Design for Machining: Selection of Manufacturing Processes Notes | EduRev

: Design for Machining: Selection of Manufacturing Processes Notes | EduRev

 Page 1


 
 
 
 
 
 
 
 
 
 
 
 
Module 
3 
Selection of Manufacturing 
Processes 
Page 2


 
 
 
 
 
 
 
 
 
 
 
 
Module 
3 
Selection of Manufacturing 
Processes 
 
 
 
 
 
 
 
 
 
 
 
 
 
Lecture 
5 
Design for Machining 
Page 3


 
 
 
 
 
 
 
 
 
 
 
 
Module 
3 
Selection of Manufacturing 
Processes 
 
 
 
 
 
 
 
 
 
 
 
 
 
Lecture 
5 
Design for Machining 
Instructional objectives 
By the end of this lecture, the student will learn 
(1) what are the different machining processes and their applications, 
(2) advantages, disadvantages and design guidelines of parts for machining, 
(3) concept and definition of machinability, and how to improve the same. 
 
Introduction and Classification 
Machining is the manufacturing process by which parts can be produced to the desired 
dimensions and surface finish from a blank by gradual removal of the excess material in the 
form of chips with the help of a sharp cutting tool. Almost 90% of the all engineering 
components are subjected to some kind of machining during manufacture. It is very important 
to design those parts in such a way that would lead to the increase in efficiency of the 
machining process, enhancement of the tool life and reduction of the overall cost of 
machining. To achieve these targets, a brief knowledge of various machining processes is 
required. Figure 3.5.1 depicts a brief classification of various machining processes that are 
widely used in the manufacturing and fabrication industries of all kinds. 
 
Overview of Major Machining Processes 
Turning 
Turning is the most important machining process and can produce a wide variety of parts. 
Primarily, turning is used to produce parts cylindrical in shape by a single point cutting tool 
on lathes. The cutting tool is fed either linearly in the direction parallel or perpendicular to 
the axis of rotation of the workpiece, or along a specified path to produce complex rotational 
shapes. The primary motion of cutting in turning is the rotation of the workpiece, and the 
secondary motion of cutting is the feed motion. Figure 3.5.2 depicts a typical turning 
operation in lathes. Different types of lathes are available today from general purpose to 
specific job oriented special purpose machines. In general, turning refers to a class of 
processes carried out on a lathe. A brief outline of some the sub-class of turning processes 
are presented below.  
 
 
 
Page 4


 
 
 
 
 
 
 
 
 
 
 
 
Module 
3 
Selection of Manufacturing 
Processes 
 
 
 
 
 
 
 
 
 
 
 
 
 
Lecture 
5 
Design for Machining 
Instructional objectives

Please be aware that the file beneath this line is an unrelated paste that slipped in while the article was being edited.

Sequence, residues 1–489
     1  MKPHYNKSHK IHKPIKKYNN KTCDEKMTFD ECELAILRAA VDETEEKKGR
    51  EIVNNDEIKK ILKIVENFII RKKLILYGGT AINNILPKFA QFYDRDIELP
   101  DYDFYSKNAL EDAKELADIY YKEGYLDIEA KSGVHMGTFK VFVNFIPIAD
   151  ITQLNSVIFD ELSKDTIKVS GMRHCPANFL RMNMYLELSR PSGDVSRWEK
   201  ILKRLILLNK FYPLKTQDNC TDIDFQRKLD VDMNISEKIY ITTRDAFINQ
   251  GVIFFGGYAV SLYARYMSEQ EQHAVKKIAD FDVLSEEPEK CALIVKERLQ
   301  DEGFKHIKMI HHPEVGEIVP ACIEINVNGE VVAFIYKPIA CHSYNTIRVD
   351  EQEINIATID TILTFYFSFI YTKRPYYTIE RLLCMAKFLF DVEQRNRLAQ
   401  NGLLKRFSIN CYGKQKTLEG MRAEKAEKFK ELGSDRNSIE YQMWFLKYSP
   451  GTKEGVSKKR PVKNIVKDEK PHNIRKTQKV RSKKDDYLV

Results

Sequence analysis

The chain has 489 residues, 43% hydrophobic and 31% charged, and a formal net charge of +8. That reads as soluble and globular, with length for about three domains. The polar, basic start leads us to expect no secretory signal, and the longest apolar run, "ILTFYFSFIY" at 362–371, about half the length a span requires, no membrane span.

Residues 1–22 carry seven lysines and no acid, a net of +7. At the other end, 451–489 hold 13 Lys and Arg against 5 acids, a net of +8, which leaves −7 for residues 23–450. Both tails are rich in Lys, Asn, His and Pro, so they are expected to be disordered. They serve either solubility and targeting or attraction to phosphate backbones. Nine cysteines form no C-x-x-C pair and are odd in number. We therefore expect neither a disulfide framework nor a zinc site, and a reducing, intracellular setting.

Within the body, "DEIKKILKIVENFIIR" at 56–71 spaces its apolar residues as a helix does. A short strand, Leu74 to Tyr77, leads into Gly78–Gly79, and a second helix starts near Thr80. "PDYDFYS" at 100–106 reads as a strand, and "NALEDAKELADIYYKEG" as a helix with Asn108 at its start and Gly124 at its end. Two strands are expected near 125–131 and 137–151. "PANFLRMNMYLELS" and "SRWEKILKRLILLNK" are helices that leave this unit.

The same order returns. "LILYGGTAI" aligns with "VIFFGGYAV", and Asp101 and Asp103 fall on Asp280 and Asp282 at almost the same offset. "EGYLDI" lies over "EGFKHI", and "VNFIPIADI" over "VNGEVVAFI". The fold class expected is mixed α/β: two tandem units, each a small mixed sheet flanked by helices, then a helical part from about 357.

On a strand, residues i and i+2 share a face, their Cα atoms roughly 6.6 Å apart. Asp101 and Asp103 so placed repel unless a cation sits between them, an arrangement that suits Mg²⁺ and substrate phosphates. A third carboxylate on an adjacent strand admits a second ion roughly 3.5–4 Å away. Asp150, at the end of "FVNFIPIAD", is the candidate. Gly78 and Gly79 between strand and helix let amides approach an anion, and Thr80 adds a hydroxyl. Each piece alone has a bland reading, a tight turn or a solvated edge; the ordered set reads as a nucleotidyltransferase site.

By the end of this lecture, the student will learn 
(1) what are the different machining processes and their applications, 
(2) advantages, disadvantages and design guidelines of parts for machining, 
(3) concept and definition of machinability, and how to improve the same. 
 
Introduction and Classification 
Machining is the manufacturing process by which parts can be produced to the desired 
dimensions and surface finish from a blank by gradual removal of the excess material in the 
form of chips with the help of a sharp cutting tool. Almost 90% of the all engineering 
components are subjected to some kind of machining during manufacture. It is very important 
to design those parts in such a way that would lead to the increase in efficiency of the 
machining process, enhancement of the tool life and reduction of the overall cost of 
machining. To achieve these targets, a brief knowledge of various machining processes is 
required. Figure 3.5.1 depicts a brief classification of various machining processes that are 
widely used in the manufacturing and fabrication industries of all kinds. 
 
Overview of Major Machining Processes 
Turning 
Turning is the most important machining process and can produce a wide variety of parts. 
Primarily, turning is used to produce parts cylindrical in shape by a single point cutting tool 
on lathes. The cutting tool is fed either linearly in the direction parallel or perpendicular to 
the axis of rotation of the workpiece, or along a specified path to produce complex rotational 
shapes. The primary motion of cutting in turning is the rotation of the workpiece, and the 
secondary motion of cutting is the feed motion. Figure 3.5.2 depicts a typical turning 
operation in lathes. Different types of lathes are available today from general purpose to 
specific job oriented special purpose machines. In general, turning refers to a class of 
processes carried out on a lathe. A brief outline of some the sub-class of turning processes 
are presented below.  
 
 
 
 
 
 
 
 
 
 
 
 
 
 
 
 
 
 
 
Figure 3.5.1 Classification of Machining Processes [5] 
 
 
 
 
 
 
 
 
 
 
 
Figure 3.5.2 Schematic depiction of turning operation [4] 
 
Straight turning is used to reduce the diameter of a part to a desired dimension (Figure 
3.5.3a). The resulting machined surface is cylindrical. Contour turning and Taper turning 
(Figure 3.5.3b) are performed by employing a complex feed motion using special